Tuesday, September 26, 2006

No Place Like Home

Before I forget, this week's Grand Rounds is up, and I'm once again proud to be included.

I'm back home in Reno now, with Gary and the cats and my very own messy study. I had a fabulous time in Iowa, and Inez and I are already planning a return trip, but it's still nice to be done with traveling for a while. Inez should be sending me some pictures of Ricky and the mutilated toothbrush, so I'll post those when I have them.

In the meantime, here's the post I wrote on Sunday.

* * *

I’m composing this blog entry on WordPerfect, thousands of feet in the air, somewhere between Salt Lake City and Omaha.

This morning, I was very proud of getting everything I needed into three small carry-on bags. I left my shampoo and toothpaste at home, since buying supplies in Iowa made more sense than checking luggage simply for the sake of toiletries. And so, after getting up at the obscene hour of 4:30 a.m., I piled my little bags into the car and drove to the airport, wondering what security would be like.

The lines were much longer than usual, especially given how early it was. Before we even got to the screeners, someone asked all of us if we had any lotions or gels. I said no, wondering if I was cheating by not reporting my two little containers of Lip Medex. But I did confess to having a CPAP, and was duly sent to the line for people who needed extra attention, like the couple in front of me who’d both had hip replacements.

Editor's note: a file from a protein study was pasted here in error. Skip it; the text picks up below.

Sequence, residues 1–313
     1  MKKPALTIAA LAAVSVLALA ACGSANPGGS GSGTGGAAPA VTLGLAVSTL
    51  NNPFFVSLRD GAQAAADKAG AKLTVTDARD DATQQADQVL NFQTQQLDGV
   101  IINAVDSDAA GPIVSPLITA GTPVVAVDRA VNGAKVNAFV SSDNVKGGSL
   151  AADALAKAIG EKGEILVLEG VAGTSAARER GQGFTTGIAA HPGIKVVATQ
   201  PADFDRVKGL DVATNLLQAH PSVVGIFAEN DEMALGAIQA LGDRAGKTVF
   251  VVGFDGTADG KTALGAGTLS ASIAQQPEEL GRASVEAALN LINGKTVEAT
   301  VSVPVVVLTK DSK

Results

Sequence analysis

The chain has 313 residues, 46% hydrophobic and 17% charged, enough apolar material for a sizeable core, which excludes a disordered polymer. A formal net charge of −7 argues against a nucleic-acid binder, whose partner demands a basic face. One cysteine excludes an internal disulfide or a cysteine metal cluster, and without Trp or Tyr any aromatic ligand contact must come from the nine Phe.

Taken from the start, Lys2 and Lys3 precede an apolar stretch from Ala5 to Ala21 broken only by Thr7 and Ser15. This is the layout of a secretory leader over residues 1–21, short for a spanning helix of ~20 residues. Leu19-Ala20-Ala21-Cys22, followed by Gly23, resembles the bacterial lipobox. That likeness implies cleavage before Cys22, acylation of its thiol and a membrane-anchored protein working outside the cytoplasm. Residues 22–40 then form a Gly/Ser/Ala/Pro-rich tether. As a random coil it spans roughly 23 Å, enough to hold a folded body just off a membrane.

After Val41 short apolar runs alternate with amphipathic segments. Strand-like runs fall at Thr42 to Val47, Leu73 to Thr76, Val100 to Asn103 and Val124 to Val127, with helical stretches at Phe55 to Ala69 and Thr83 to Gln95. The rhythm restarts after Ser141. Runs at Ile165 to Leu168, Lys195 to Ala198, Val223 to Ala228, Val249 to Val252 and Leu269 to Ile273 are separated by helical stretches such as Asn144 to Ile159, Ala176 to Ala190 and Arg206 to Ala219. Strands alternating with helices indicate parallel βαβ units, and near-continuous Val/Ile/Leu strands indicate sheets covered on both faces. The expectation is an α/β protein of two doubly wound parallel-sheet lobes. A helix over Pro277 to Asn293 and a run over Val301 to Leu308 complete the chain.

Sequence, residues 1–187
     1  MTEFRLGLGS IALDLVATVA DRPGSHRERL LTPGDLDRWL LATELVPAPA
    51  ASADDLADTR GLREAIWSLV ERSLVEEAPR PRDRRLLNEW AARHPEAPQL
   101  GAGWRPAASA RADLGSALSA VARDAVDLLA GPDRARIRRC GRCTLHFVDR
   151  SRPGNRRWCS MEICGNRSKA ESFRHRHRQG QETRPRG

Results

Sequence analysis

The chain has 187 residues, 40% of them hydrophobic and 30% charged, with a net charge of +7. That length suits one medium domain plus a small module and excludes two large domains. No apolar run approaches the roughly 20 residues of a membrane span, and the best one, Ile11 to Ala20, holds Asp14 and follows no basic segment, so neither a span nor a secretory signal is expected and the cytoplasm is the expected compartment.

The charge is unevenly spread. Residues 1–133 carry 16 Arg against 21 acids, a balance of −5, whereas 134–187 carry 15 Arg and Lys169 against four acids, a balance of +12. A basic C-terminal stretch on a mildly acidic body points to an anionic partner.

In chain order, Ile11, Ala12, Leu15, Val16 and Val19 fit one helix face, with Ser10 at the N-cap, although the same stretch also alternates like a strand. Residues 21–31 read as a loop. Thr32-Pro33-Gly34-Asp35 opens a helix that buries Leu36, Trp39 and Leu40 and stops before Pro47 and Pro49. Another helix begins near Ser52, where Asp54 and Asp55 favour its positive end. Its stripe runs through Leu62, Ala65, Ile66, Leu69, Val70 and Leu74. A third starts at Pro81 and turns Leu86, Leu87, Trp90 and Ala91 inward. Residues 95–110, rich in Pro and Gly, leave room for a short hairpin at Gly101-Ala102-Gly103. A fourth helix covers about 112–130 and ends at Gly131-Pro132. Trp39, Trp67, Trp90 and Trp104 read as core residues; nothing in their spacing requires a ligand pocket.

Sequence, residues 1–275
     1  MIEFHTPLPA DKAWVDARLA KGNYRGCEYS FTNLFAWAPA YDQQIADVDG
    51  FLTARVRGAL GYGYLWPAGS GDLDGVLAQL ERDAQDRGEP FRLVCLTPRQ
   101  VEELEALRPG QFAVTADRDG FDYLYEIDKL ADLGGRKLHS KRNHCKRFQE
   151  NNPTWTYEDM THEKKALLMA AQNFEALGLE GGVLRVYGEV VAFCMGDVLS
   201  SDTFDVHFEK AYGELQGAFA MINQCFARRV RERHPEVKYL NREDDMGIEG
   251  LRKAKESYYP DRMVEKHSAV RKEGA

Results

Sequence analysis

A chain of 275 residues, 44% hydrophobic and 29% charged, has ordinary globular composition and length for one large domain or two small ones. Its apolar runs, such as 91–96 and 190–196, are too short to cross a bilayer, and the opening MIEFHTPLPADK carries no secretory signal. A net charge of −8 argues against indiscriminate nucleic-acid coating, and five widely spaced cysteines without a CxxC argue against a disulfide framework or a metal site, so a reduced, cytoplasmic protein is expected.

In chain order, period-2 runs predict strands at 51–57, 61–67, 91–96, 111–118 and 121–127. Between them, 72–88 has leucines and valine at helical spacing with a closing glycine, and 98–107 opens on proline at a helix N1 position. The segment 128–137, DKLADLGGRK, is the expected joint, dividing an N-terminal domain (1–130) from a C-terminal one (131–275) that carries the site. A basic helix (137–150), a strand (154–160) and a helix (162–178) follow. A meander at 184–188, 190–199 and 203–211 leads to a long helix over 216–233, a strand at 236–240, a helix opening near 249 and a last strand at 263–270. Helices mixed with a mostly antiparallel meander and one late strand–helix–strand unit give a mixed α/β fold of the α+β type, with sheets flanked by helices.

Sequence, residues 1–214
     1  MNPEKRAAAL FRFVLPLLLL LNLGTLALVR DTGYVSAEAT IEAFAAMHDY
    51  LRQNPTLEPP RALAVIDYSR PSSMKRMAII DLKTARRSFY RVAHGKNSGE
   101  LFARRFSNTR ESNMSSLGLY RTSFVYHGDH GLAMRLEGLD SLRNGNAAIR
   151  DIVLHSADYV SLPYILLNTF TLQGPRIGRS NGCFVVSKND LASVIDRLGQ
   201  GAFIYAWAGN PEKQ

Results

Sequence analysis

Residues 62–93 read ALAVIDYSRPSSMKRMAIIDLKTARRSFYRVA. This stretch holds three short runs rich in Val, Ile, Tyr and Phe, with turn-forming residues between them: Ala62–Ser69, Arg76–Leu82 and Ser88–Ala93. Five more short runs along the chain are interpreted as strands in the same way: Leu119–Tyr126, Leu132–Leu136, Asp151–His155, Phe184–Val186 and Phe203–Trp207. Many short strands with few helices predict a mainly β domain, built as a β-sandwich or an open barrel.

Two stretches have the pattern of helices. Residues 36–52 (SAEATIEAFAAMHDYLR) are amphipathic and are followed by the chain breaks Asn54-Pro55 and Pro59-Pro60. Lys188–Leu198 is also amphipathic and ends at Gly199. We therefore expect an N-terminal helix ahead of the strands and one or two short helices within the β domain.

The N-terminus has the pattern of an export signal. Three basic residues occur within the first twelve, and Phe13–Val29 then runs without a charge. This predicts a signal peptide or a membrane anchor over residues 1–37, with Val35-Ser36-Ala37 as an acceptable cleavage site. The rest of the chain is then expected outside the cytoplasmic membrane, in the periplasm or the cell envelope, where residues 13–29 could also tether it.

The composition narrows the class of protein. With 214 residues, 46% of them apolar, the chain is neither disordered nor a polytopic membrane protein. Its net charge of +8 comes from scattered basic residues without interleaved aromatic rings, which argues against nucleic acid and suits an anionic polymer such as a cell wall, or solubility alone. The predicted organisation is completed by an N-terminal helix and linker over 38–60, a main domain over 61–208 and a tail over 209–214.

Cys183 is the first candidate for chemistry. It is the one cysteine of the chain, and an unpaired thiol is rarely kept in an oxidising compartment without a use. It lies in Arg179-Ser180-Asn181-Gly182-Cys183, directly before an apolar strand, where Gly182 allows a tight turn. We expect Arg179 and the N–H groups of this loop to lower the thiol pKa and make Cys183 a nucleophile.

When I put my CPAP bag on the conveyer belt, I called to the screener, “There’s a CPAP in here, so it will need to be hand-checked.”

The screener glared at me and snapped, “Thank you. I’ll take care of that when I see it on the screen.” Was it my imagination, or was he thinking, If this stupid woman hadn’t said anything, I could have just ignored it?

But since I had said something, of course I was taken aside by a screener. My Lip Medex sailed through the machine without incident, which makes me wonder what would have happened if I’d tried to sneak some hand lotion through. Lizard skin is one of the hazards of living in Reno, and my hands are especially dry because I wash them so often. The dehydrating effect of airplanes never helps.

When my CPAP’s been screened in the past, it’s been taken out, examined, and given chemical tests involving strips of paper and special readers. This morning, the screener opened my suitcase, blinked at the machine without even touching it, yawned, closed the suitcase again, and told me I could go. The entire process took about five seconds. If the CPAP had been stuffed with dynamite, he wouldn’t have known.

Now, maybe this is just because I’m so pure and innocent looking, especially when I’m not actually wearing the CPAP. (My friend Inez, when she saw the masked crusader picture on my blog, commented gleefully, “Darth Palwick!”) But the process didn’t increase my confidence in national security. Gary tells me that someone’s coined the term “security theater” to describe nonsensical security precautions that exist purely for show, to make travelers feel safer by subjecting them to baroque inconveniences. This wasn’t even security theater. This was security snoozefest. These guys weren’t even pretending to be worried.